Sentencing Means White Supremacist ‘Serial’ Bomber Likely To Die Behind Bars For Arizona Attack

Dennis Mahon. In background, damage is shown from the 2004 bomb he was convicted of sending to a city office in Scottsdale, Ariz. The explosion injured three city staffers.
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Chances are, unless he lives to 102, a white supremacist who bragged about being a serial bomber will die in prison for his role in the 2004 mail bombing of a city office in Arizona.

Dennis Mahon, 61, was sentenced by a federal judge on Tuesday in Phoenix to spend the next 40 years in prison for the bombing, which injured three employees of the Scottsdale city government, including its diversity director.

A former leader of the Ku Klux Klan who maintained a profile in the white supremacist movement even after leaving the organization, Mahon was once recorded by authorities bragging about carrying out numerous bombings throughout the nation since the early 1980s.

Authorities hailed his sentencing on Tuesday as a blow against racial hatred in America. The investigation was run by veteran U.S. Bureau of Alcohol, Tobacco, Firearms and Explosives special agent Tristan Moreland, who tracked the white supremacist for years and arrested Mahon and his twin brother in 2009 at a house in rural Illinois.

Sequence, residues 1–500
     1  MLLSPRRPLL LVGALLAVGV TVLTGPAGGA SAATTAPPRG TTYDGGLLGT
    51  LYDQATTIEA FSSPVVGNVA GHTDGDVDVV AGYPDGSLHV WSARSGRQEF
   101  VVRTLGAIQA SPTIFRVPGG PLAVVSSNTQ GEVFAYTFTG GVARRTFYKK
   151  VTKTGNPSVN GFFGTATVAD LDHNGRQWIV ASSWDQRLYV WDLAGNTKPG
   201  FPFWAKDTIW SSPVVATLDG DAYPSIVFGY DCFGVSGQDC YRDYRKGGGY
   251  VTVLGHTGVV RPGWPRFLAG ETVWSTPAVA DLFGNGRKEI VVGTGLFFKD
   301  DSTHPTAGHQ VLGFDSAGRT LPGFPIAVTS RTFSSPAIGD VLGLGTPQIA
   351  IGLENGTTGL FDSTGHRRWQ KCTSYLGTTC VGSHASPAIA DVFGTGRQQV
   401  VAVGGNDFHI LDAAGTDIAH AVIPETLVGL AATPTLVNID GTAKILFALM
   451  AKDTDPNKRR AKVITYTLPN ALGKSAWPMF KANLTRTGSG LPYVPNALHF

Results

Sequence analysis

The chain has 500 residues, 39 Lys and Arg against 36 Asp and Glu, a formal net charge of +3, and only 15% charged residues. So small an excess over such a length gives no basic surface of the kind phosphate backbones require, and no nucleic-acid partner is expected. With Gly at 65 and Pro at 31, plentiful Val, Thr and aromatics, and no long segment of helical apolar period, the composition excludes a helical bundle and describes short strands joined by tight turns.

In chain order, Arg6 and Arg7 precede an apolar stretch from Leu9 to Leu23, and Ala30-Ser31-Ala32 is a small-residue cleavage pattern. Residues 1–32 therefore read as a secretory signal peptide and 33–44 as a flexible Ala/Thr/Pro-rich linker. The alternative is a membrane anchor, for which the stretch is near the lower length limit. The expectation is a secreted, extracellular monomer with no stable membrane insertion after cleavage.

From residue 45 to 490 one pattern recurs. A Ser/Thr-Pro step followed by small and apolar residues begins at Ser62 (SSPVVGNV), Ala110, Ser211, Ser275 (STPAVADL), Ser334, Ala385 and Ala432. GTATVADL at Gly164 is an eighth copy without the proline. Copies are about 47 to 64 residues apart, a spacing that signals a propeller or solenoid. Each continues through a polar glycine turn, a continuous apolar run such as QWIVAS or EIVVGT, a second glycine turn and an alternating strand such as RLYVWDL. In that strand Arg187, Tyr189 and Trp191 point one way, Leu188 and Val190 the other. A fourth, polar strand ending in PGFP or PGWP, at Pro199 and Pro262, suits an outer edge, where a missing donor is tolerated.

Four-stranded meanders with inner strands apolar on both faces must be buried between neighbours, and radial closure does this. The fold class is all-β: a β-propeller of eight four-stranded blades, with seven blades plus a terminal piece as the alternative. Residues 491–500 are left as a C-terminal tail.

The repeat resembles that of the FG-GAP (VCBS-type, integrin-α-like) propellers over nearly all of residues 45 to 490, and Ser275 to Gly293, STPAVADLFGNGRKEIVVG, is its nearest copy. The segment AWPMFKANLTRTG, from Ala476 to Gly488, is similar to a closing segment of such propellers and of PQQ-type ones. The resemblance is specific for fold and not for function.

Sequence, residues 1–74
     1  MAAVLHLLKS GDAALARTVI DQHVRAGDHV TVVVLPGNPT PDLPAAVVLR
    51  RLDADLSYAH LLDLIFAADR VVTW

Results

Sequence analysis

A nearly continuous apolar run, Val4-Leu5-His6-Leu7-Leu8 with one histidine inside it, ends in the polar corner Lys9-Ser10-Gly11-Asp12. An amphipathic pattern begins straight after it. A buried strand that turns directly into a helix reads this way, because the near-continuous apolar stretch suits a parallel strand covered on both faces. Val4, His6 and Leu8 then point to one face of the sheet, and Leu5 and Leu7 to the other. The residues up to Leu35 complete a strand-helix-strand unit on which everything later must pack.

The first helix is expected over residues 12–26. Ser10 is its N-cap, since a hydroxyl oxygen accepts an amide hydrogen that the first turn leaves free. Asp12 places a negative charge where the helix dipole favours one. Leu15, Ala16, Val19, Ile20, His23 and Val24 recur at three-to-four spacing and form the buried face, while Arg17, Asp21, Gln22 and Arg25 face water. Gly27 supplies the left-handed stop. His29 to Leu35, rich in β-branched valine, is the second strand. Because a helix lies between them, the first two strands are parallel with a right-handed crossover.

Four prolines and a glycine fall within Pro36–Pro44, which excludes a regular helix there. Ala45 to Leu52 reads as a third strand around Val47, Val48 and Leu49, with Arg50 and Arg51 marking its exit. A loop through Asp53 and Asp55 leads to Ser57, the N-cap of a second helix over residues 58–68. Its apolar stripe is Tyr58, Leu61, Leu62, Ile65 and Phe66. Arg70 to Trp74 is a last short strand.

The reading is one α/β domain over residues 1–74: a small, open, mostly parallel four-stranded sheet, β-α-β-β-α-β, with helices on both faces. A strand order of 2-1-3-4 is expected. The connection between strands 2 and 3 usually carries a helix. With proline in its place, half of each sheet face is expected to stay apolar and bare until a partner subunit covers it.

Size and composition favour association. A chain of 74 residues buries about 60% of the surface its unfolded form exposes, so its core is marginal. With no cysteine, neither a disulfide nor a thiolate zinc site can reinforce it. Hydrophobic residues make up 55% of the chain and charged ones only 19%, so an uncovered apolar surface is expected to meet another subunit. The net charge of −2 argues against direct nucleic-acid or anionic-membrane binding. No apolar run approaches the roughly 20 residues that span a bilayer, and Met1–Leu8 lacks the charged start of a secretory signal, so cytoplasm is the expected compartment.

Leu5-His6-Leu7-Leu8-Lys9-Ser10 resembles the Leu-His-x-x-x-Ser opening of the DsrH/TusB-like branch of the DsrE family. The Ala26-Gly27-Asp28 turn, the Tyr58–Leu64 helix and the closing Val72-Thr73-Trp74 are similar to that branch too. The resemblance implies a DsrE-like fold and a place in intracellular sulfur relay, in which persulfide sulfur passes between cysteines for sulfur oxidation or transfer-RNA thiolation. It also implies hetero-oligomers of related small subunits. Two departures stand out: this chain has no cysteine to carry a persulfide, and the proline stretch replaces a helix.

“Today’s sentence makes clear that such acts of violence will not be tolerated in Arizona,” Thomas Atteberry, the special agent in charge of the ATF’s Phoenix office, said in a written statement. “We will continue to use every tool in our arsenal to put criminal hatemongers on notice — no matter how long it takes — they are not beyond our reach.”

At the sentencing, Mahon was unapologetic, According to the Associated Press, he said he couldn’t apologize to the victims because “I didn’t do this bombing.”

Mahon was tried earlier this year alongside his twin brother, Daniel Mahon, who authorities also accused of helping in the bombing of Scottsdale’s Office of Diversity and Dialogue. A jury, however, acquitted Daniel Mahon and he was set free.

The jury also ruled that the bombing was not a hate crime. Despite that, the AP reported, U.S. District Judge David Campbell called it an “act of domestic terrorism” during the sentencing.

Still, Campbell didn’t completely side with prosecutors, either. The U.S. Attorney’s Office in Phoenix asked last wek for Mahon to be sentenced to 63 years in prison.

According to authorities, Mahon at the time of his arrest was a follower of a hate group called the White Aryan Resistance, or WAR, which was run by one of the nation’s best known white supremacist leaders, Tom Metzger.

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